ATV crashes are fourth leading cause of trauma admission at Monroe Carell Jr. Children’s Hospital at VanderbiltMay. 19, 2022, 1:47 PM
by Jessica Pasley
Brayden Mahar, 12, has been riding an all-terrain vehicle (ATV) since he was 5 years old.
It is not an unusual sight for him to ride around his Manchester, Tennessee, neighborhood that dead ends into cul-de-sacs.
One thing is certain — he always wears a helmet.
Heath Mahar, Brayden’s father, knows that one piece of safety equipment likely saved his son’s life during a recent crash involving a minivan.
“Had he not had on his helmet, we probably would have been planning his funeral,” Mahar said, choking up. “His helmet was key. If you own one piece of safety equipment, that is what it should be.”
Brayden is being treated at Monroe Carell Jr. Children’s Hospital at Vanderbilt for injuries including broken ribs, lacerated liver, adrenal gland hemorrhage, road rash and extensive damage to his left foot.
The accident occurred just outside of his neighborhood while Brayden was making a loop back into the subdivision.
“His foot is torn up pretty bad,” said his father. “When he got hit, his foot got trapped between the four-wheeler and the van, then the force from the impact swung him onto the hood of the car, and his head hit the windshield, and then he bounced back onto the road.
“They are really concerned about the blood flow to his foot. We don’t want to lose it. We’ve been talking with him about it all, and he understands how lucky he is.”
According to safety experts at Children’s Hospital, wearing a helmet is the best save-the-brain decision anyone enjoying ATVs, bikes or skateboards can make.
“It should be a habit, much like putting on a seat belt,” said Purnima Unni, MPH, program manager, Pediatric Trauma Injury Prevention at Children’s Hospital. “A helmet helps to absorb the shock upon impact to help protect the brain, reducing the severity of injury.”
Children’s Hospital fully supports recommendations by the American Academy of Pediatrics and the American College of Surgeons that children 16 and under should not ride ATVs due to the high risk of serious injuries. However, if parents allow their children to ride ATVs despite the known risk that these vehicles pose to children, the following safety measures are strongly recommended:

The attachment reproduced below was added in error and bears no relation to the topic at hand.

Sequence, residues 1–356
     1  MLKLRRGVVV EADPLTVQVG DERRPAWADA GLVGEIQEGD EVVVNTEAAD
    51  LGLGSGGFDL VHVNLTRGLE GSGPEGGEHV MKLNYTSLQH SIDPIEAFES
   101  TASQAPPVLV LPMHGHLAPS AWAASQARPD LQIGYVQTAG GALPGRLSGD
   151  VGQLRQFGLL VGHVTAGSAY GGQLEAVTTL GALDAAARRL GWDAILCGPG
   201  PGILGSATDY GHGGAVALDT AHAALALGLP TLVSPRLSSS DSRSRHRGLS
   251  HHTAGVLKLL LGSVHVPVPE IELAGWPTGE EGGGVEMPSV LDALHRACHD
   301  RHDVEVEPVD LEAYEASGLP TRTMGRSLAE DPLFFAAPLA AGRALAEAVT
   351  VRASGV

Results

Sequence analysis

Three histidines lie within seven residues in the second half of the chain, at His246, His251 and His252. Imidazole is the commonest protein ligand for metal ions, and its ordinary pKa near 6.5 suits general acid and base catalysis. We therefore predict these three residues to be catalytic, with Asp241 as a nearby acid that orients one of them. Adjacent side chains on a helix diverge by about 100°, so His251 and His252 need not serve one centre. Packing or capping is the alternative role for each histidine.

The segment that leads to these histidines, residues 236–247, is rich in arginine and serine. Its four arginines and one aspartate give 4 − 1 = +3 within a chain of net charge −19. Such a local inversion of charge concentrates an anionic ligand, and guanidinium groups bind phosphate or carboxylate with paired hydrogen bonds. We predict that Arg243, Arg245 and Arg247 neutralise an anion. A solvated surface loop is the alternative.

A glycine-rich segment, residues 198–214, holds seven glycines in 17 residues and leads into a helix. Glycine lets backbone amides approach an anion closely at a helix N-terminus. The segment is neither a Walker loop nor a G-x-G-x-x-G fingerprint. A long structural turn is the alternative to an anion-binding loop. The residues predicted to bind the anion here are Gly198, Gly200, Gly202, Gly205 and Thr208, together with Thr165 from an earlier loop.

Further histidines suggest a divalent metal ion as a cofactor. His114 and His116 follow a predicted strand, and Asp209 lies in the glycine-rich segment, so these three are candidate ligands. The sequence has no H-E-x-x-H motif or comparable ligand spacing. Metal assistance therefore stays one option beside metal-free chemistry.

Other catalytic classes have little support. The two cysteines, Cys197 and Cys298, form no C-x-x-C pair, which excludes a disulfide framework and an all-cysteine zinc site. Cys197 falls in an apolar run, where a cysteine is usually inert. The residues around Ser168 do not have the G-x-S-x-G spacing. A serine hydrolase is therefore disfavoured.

- Always wear protective gear — especially a helmet — when riding ATVs. Head injuries are by far the leading cause of death and disability related to ATV crashes. Helmets are known to reduce head injuries by 85%. Wear a motorcycle or motorized sports helmet and make sure it is certified by the U.S. Department of Transportation or the Snell Memorial Foundation.
- Avoid driving ATVs with a passenger or riding as a passenger. Most ATVs are designed to carry only one person.
- Take a hands-on safety training course if one is available in your area.
- Do not drive ATVs on paved roads because they are difficult to control. Collisions with cars and other vehicles can be deadly.
- Do not permit children to drive or ride adult ATVs. Children are involved in about one-third of all ATV-related deaths and hospital emergency room injuries. Most of these deaths and injuries occur when a child is driving or riding on an adult ATV.
Mahar, who also rides with his son, agrees that the vehicle must be appropriately sized for the age of the rider and that if Brayden had stayed within the neighborhood, he likely would have been OK.
“Our neighborhood is closed off with no through traffic,” he said. “Everyone watches out for each other. We are all mindful when driving down the road.
“The takeaway from this: If you are a child or adult, everybody needs to wear a helmet even if you think you don’t need one.”
Brayden was wearing a full-face helmet that covers the entire head and extends across the jaw.
“As a pediatric trauma surgeon, we see so many devastating injuries,” said Irving J. Zamora, MD, MPH, assistant professor of Pediatric Surgery and director of Advanced Minimally Invasive Surgery at Children’s Hospital.
“It’s so important that Brayden was in a helmet. It protected his head and brain. Non-helmet injuries tend to be the main cause of substantial injury and even death in these situations. But there are many more prevention and safety measures that need to be highlighted with motorized vehicle use that we highlight with families upon discharge.”
Since 2018, the hospital has heralded the Ride on TN-ATV Safety Program and partnered with Tennessee 4-H and Tennessee Future Farmers of America to arm high school students with information about ATV usage. The program is funded by the Polaris Foundation and Ford Motor Company Fund
In 2020 the hospital saw 99 ATV incidents when most students were at home during the COVID-19 pandemic. That number dropped to 69 admissions in 2021.
ATV crashes are the fourth leading cause of trauma admission at Children’s Hospital.
To learn more about the Ride on TN-ATV Safety Program visit: https://www.vumc.org/injuryprevention/ride-tn-atv-safety-program-0.